The natural basis condition in combination with agricultural management also creates room for many supporting services: There exist many areas with high-value landscape features in terms of nature and water-protection, habitats for rare species, etc. The low intensive management of the alpine meadows and pastures is associated with the protection of valuable alpine flora and fauna species dependent on e.g. the openness of the landscape (e.g. orchids, chamois). In parts also the low intensive agricultural management in river valley locations contributes to the existence of rare species living and breeding in agricultural meadows and pastures. Also forestry management influencing habitat and supporting services, e.g. in terms of the maintenance of Natura 2000 habitats, etc.

Case study picture
© Karl Buchgraber 2004

Socio-Economic Benefits

The supply of services in the study region is met by demand of a variety of beneficiaries. About 10% of the local population is working in the agriculture/forestry sector. Agriculture in the region on the one hand influences and fosters, on the other hand benefits from landscape services. As regards provisioning services, the agricultural area guarantees the production basis for cattle husbandry in terms of forage production. As regards regulating services agriculture profits of the local climate, erosion prevention, nutrient cycling, soil fertility, pollination and biological control, and the reduced risk of natural extreme events. Agriculture also benefits from the cultural landscape as many farms offer the possibility for overnight-stays and small scale agro-tourism. Furthermore, alpine farm-houses and summer huts are frequented by hiking tourists. Also Forestry mainly benefits from provisioning services (supply of timber, supply of water) and regulating services (erosion prevention, prevention of natural hazards such as mudslides and avalanches). The cultural services supplied by the landscape are strongly appreciated by the local society. Landscape is perceived as a source of inspiration, recreation and health. Of regulating services mainly local climate, air-quality and the moderation of extreme events are perceived as positive. Of provisioning services clean water and the possibility to collect "wild" food like berries, mushrooms, etc. are appreciated. Tourism in the study region mainly benefits of cultural services (landscape aesthetics) and regulating services (local climate, air-quality, precipitation in form of snow for winter tourism, prevention of extreme events). Tourism also benefits from habitat and supporting services (bird-watchers, etc.). About 6% of the local population is working in the tourism sector. Producers/manufacturers processing agricultural/forestry raw materials and products benefit from provisioning services fostered by agriculture and forestry (e.g. saw mills, dairies).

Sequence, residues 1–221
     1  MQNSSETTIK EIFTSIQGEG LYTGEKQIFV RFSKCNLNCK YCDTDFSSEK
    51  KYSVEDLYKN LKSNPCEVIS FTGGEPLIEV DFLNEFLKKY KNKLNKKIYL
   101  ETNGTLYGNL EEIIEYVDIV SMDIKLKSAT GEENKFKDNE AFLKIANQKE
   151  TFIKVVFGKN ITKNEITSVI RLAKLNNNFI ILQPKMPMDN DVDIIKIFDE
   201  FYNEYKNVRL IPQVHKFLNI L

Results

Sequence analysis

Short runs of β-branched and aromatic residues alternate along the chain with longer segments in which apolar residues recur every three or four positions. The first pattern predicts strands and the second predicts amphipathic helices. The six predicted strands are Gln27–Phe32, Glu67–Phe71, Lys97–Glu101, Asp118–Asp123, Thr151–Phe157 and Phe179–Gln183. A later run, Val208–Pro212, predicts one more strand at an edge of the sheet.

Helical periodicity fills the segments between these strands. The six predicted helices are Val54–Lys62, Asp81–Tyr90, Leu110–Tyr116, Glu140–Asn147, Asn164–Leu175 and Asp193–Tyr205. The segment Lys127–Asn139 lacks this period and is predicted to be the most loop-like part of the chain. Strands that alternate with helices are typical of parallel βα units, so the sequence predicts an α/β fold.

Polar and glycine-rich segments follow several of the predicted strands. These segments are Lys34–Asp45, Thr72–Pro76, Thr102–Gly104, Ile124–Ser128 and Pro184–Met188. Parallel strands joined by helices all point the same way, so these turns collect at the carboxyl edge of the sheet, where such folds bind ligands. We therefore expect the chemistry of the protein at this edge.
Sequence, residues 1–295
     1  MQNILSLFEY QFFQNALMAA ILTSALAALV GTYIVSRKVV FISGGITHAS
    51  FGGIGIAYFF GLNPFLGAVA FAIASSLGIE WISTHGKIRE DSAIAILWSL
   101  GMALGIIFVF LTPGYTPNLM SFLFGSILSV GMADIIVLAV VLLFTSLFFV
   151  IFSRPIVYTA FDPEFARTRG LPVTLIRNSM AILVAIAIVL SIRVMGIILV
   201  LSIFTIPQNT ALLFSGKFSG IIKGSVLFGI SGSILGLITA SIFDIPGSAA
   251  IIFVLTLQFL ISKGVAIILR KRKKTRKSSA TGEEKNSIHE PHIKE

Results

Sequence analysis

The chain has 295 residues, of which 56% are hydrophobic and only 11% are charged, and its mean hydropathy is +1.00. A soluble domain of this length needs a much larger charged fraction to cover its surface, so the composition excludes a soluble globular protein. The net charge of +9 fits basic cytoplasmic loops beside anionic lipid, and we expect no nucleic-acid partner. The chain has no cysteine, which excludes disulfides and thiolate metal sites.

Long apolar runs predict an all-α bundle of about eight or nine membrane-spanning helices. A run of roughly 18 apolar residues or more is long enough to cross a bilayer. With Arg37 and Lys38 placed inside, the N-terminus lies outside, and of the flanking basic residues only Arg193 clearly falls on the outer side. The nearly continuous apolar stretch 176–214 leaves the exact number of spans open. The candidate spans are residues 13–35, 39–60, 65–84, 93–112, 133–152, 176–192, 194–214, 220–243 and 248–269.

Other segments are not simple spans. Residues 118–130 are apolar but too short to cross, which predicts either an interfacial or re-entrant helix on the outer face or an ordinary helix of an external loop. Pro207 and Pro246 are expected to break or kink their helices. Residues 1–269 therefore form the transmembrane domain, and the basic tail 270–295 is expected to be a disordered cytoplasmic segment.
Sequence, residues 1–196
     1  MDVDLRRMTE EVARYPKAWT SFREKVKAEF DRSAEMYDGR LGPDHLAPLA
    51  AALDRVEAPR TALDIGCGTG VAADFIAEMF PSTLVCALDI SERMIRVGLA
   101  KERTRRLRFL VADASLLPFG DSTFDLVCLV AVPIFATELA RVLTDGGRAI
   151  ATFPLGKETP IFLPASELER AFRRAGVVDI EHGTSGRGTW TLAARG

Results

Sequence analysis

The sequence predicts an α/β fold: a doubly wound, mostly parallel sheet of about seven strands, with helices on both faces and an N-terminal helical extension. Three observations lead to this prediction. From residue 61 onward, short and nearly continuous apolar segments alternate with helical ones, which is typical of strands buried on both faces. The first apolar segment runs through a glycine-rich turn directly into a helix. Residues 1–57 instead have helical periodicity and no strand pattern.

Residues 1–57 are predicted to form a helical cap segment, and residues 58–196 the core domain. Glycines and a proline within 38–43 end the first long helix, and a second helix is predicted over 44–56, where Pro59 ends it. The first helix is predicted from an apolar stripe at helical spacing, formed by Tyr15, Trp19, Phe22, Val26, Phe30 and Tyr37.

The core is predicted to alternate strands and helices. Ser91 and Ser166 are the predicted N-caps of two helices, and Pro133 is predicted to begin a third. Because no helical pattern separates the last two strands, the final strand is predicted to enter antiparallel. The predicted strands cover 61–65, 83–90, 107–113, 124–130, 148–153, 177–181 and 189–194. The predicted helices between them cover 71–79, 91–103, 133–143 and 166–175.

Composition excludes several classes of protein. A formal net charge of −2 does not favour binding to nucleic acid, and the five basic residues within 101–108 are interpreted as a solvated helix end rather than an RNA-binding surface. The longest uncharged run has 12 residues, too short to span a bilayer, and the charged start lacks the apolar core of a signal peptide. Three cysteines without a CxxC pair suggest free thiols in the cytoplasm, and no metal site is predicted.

Regional competitiveness

As regards competitiveness, the study region falls behind other regions in Austria and also behind the country’s average. The income level in the district "Liezen" is by 9% lower than the Styrian average and by 11% lower than the national average. However, the unemployment quote is with 5.9% (2010) lower than the average of Styria (7%) and Austria (6.9%). The average tax revenue per inhabitant in the Municipalities Aigen, Oppenberg and Pürg-Trautenfeld is with a range from 750-850 € among the lowest of the district Liezen, only in Stainach tax revenue is with 950-1,100€ comparatively high (RLP 2011). At the moment, the municipalities of the study region are faced by a constant and severe migration especially of young and educated people. Following the prognosis of the Styrian Chamber of commerce, this trend will continue over the next 40 years. As a consequence, the demographic structure moves into the direction of an "older" society-structure. While in 2013 the distribution between inhabitants aged 0-19 years and inhabitants older than 65 is nearly balanced, the share of young people in the year 2050 is estimated to be only 16% while the share of "old" people will – with about 33% - be twice as high (Wirtschaftskammer Steiermark 2013).

References & Further Reading

Schaller, L., Ehmeier, V., Kapfer, M., Kantelhardt, J. (2014). Agricultural landscape as a driver of regional competitiveness - The role of stakeholder networks in landscape valorisation. Proceedings of the third Congress of the Italian Association of Agricultural and Applied Economics (AIEAA). June 25-27, 2014, Alghero, Italy.

RLP (Raumplanung Steiermark) (2011). Regionsprofil Liezen. Amt der Steiermärkischen Landesregierung Abteilung 16 – Landes- und Gemeindeentwicklung, Graz.

Wirtschaftskammer Steiermark (2013): Standortstudie Liezen 2013+ - Handlungsfelder für die Regionalpolitik. Steirische Regionalpolitische Studien Nr. 06/2013. Institut für Wirtschafts- und Standortentwicklung der Wirtschaftskammer Steiermark, Graz.

Responsible partner/person

Lena Schaller, Martin Kapfer, Jochen Kantelhardt
University of Natural Resources and Life Sciences, Vienna (BOKU)
Institute of Agricultural and Forestry Economics
Feistmantelstr. 4, 1070 Vienna, Austria